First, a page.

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2 - The Jungle Like a Sunday at Home: Rafael Uribe Uribe, Miguel Triana, and the Nationalization of the Amazon

Felipe Martínez-Pinzón
Affiliation:
Brown University, Rhode Island
Javier Uriarte
Affiliation:
Stony Brook University, State University of New York
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Summary

At the beginning of the twentieth century, it was common for Latin America's civilizing elites, impressed by the flood of European immigration and the railroad craze in the temperate zones of the region, to call Argentina, Brazil, and Chile the A-B-C nations. Development, it was thought, had moved through each of them in alphabetical order, a notion that casts the civilizing process as a pedagogy of sorts. This metaphor offers a clear idea of the relationship between positivism, language, and civilization in times of migration and immigration, opening and closing of national borders in Latin America. It did not escape the notice of Colombian ex-president, military leader, and rubber magnate Rafael Reyes (1849–1921) that, according to the alphabetical succession proposed by the metaphor, Colombia's turn would be next now that Argentina, Brazil, and Chile had taken off. The idea that progress resulted from learning among those who were most advanced—as naturally as one learns one's mother tongue—was the legacy of nineteenth-century positivism in Latin America.

In the second half of the nineteenth century, despite the numerous reworkings of this school of thought that had emerged in the region— positivist doctrines, especially the ideas of Auguste Comte and Herbert Spencer, were reinvented in slightly altered form in each country—the idea of a social order based on science began to prevail. Adopting its own reasoning to analyze biological organisms, this scientific order posited the existence of different stages of development in society, a one-way path called progress. According to this order, human communities underwent an evolution from primitive hunter-gatherer societies to urbanized European societies, the former being humanity's past and the latter its future. Positivism, then, for tropical nations of motley ethnic diversity such as Colombia, meant wondering how to ‘order’ their diversity to direct it down the path of progress. Colombia was seen by nineteenth-century civilizing criollos as a place inhabited simultaneously by individuals from the past (indigenous communities, blacks) surviving in primitive spaces (jungles) alongside modern individuals (hispanized mestizos and whites) living in urban or potentially urban spaces. Positivism, then, turned Colombian postcolonial history into a story that was both outside of time (anachronistic) and out of place (anachoristic), a narrative that had to be synchronized with the here and now of European civilization. In that sense, we can agree with Edgardo Lander, for whom positivism in Latin America reaffirms colonial discourse.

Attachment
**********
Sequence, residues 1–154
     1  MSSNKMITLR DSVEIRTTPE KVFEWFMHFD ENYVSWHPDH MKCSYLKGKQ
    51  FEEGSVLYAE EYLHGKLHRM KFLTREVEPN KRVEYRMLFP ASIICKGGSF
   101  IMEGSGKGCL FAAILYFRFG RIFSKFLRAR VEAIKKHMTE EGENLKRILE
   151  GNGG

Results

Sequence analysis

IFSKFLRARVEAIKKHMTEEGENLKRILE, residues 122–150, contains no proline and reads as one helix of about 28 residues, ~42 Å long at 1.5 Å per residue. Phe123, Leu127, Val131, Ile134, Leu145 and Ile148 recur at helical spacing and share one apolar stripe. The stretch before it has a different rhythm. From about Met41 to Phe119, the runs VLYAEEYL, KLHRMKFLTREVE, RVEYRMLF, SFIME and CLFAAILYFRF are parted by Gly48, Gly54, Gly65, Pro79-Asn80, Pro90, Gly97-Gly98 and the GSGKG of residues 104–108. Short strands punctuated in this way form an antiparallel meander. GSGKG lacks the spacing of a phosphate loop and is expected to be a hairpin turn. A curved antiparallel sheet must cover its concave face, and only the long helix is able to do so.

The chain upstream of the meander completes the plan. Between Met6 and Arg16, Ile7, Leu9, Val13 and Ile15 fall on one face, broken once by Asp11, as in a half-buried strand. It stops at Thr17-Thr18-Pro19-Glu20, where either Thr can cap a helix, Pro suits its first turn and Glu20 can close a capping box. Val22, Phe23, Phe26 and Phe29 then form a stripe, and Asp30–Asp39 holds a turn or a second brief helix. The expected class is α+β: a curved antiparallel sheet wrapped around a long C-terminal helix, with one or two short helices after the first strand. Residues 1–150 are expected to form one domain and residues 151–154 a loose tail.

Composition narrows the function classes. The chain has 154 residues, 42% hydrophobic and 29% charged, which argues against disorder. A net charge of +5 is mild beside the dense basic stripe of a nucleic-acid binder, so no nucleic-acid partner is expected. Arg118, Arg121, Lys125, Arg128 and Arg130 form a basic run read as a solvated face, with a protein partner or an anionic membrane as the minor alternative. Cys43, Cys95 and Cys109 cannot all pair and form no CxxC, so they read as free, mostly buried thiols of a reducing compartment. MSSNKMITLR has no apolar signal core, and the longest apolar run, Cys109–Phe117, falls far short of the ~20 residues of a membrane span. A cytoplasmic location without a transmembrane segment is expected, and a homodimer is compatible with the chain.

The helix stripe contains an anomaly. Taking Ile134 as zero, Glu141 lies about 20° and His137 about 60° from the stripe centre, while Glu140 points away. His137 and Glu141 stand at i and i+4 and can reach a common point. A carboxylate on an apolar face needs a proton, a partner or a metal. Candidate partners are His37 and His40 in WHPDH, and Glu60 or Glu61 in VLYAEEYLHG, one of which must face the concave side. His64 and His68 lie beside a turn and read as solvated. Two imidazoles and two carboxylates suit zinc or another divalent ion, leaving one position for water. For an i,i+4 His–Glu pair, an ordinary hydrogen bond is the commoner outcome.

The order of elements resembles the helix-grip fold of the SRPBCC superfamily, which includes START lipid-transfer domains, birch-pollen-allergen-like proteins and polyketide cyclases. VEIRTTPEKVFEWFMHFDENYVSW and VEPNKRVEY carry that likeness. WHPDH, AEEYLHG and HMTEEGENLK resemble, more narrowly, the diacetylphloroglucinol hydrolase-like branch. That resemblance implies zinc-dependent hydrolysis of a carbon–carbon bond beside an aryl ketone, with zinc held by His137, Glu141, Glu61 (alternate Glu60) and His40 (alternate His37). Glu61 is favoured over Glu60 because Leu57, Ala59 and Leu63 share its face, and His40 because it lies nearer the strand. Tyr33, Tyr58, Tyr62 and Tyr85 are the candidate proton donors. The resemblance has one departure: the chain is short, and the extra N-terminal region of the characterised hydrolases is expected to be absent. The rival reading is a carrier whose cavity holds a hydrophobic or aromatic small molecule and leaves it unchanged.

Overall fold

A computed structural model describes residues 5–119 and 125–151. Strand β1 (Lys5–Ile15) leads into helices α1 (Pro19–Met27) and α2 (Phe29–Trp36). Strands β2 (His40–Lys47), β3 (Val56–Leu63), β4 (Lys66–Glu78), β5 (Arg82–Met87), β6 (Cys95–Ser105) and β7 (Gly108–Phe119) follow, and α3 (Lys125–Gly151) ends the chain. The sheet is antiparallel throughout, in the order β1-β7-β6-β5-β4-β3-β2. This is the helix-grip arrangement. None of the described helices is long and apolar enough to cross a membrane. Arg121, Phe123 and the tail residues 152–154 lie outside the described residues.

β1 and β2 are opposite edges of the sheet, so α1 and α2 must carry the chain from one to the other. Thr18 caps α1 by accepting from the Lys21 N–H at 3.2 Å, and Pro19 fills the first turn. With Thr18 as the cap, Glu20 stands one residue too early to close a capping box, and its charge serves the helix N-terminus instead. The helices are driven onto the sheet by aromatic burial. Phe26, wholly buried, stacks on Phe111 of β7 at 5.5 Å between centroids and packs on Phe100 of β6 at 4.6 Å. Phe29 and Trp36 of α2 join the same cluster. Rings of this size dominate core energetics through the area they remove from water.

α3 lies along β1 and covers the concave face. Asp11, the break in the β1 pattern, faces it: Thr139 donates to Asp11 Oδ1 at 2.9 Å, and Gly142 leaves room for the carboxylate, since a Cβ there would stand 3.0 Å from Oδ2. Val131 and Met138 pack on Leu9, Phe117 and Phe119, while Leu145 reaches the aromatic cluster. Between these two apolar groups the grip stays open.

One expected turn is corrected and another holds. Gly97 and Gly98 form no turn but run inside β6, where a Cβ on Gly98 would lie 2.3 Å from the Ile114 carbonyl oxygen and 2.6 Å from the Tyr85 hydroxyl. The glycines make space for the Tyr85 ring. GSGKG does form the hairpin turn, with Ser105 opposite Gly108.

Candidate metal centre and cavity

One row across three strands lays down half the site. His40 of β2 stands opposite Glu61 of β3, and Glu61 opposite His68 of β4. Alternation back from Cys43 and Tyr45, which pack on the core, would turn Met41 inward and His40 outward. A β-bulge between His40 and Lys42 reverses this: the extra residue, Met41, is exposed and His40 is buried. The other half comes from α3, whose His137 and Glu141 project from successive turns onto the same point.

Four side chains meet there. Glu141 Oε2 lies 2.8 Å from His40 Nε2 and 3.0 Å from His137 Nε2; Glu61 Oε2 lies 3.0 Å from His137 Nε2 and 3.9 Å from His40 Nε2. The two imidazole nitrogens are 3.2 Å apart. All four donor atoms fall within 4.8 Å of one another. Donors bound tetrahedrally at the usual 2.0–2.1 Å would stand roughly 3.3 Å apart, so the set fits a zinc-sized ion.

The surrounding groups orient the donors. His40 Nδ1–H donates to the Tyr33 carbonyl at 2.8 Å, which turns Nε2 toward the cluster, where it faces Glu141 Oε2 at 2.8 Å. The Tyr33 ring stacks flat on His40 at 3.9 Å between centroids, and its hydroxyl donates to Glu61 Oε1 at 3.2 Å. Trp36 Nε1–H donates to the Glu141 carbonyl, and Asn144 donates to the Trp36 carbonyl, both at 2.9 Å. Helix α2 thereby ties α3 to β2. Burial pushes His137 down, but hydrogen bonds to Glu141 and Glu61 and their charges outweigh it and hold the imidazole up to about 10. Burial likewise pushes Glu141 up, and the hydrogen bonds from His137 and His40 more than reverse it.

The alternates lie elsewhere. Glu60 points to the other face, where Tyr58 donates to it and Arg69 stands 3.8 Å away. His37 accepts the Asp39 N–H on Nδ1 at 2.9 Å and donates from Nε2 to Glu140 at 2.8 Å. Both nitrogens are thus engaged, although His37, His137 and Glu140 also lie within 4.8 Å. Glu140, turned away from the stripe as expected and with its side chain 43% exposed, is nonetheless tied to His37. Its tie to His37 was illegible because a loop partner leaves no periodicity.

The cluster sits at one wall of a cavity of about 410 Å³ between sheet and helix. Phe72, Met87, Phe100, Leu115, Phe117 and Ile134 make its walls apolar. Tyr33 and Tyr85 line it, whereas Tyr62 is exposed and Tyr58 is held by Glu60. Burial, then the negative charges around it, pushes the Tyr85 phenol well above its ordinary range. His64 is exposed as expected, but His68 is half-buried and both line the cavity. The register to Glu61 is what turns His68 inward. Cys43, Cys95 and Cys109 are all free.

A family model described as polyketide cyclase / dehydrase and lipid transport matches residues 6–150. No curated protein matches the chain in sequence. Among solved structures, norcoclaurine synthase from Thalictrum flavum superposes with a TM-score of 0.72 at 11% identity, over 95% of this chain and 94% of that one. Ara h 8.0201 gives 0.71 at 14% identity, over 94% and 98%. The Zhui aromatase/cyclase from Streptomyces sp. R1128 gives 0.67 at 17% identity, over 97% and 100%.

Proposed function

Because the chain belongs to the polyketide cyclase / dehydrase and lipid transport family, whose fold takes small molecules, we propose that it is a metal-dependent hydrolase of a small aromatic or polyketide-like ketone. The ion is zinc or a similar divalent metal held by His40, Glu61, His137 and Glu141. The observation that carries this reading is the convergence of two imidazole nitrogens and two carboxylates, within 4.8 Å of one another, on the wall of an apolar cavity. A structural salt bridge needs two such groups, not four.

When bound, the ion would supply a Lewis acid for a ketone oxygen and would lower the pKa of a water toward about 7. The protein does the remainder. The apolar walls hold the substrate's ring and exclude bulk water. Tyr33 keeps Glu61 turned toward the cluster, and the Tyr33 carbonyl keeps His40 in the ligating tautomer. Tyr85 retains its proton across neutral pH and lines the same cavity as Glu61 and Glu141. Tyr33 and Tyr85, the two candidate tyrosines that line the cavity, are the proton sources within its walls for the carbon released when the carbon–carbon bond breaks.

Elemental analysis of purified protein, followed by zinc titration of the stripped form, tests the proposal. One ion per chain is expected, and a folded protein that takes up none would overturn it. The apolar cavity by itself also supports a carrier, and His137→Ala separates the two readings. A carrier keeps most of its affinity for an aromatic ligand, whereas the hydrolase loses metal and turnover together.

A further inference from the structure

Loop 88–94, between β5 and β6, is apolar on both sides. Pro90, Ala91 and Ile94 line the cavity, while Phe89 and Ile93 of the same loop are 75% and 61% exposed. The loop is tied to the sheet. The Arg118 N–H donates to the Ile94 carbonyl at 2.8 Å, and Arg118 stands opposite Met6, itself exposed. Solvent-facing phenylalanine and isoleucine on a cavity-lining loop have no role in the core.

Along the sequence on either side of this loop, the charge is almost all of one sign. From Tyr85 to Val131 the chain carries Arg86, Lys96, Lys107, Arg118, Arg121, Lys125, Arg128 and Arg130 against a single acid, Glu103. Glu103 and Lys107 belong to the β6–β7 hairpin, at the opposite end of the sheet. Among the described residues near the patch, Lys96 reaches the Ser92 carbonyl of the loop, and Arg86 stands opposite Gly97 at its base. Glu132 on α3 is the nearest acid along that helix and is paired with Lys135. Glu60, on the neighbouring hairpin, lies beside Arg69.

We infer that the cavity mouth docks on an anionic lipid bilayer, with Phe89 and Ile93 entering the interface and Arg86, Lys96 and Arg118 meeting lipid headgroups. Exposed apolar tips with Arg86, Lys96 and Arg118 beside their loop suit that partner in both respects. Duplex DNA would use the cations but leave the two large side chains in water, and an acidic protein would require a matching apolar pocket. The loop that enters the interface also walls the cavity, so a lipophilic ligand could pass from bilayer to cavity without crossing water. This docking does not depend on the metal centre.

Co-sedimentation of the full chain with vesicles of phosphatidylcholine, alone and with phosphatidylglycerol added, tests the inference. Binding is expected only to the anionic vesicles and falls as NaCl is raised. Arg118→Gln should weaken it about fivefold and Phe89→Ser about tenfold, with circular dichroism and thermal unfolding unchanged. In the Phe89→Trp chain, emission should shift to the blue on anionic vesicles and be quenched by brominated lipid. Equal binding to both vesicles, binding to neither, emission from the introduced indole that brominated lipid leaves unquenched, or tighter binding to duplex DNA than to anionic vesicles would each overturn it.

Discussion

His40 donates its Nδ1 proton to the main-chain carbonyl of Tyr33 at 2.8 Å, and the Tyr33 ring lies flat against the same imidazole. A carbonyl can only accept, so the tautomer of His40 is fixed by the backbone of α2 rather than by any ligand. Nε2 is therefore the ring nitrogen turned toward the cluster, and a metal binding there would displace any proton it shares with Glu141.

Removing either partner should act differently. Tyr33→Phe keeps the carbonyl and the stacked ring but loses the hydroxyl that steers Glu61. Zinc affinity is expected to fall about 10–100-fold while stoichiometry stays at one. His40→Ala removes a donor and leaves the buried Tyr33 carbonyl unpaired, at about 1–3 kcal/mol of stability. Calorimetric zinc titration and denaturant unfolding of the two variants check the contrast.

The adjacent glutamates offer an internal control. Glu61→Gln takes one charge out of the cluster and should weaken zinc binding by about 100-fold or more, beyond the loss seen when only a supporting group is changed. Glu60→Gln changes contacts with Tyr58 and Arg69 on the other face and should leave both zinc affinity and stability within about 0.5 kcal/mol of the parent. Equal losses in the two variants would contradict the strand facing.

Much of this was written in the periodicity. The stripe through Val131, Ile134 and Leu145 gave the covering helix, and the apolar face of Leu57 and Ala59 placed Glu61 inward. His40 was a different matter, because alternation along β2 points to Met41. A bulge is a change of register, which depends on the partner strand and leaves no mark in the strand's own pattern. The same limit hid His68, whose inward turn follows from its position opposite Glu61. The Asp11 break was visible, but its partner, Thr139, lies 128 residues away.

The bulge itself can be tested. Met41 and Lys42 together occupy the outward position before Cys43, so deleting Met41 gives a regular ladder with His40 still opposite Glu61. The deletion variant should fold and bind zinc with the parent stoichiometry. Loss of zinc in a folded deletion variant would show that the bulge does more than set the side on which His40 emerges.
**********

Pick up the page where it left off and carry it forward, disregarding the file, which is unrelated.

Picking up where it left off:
Type
Chapter
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Intimate Frontiers
A Literary Geography of the Amazon
, pp. 23 - 44
Publisher: Liverpool University Press
Print publication year: 2019

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